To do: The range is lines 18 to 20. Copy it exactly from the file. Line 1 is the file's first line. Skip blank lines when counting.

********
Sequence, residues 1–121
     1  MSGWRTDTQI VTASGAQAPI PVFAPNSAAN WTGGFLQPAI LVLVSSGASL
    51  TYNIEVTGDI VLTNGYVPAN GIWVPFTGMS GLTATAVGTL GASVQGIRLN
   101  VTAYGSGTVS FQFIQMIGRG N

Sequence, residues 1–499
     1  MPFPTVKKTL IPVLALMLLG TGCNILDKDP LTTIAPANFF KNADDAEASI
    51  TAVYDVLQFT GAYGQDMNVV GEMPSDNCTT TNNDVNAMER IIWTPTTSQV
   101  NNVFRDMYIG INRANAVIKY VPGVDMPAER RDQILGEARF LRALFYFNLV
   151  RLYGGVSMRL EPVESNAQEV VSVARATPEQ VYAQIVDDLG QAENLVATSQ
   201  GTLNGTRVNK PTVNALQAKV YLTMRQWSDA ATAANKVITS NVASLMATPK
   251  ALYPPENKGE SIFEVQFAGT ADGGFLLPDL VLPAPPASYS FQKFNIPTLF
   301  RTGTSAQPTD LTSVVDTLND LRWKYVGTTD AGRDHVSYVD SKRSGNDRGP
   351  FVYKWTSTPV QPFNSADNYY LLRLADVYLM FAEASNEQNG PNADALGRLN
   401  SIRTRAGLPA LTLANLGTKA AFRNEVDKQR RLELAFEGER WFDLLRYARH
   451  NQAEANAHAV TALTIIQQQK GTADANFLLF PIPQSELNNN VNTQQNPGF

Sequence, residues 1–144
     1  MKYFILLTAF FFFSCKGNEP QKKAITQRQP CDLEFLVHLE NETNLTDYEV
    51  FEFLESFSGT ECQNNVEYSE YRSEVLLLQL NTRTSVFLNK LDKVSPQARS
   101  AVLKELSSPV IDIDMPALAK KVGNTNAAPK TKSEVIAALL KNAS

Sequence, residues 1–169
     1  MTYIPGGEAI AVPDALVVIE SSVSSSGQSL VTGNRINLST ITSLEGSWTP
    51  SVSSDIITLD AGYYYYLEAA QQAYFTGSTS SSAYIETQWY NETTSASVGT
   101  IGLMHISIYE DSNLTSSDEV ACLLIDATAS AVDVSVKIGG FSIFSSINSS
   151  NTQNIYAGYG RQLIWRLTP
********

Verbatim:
    51  FEFLESFSGT ECQNNVEYSE YRSEVLLLQL NTRTSVFLNK LDKVSPQARS
   101  AVLKELSSPV IDIDMPALAK KVGNTNAAPK TKSEVIAALL KNAS

Sequence, residues 1–169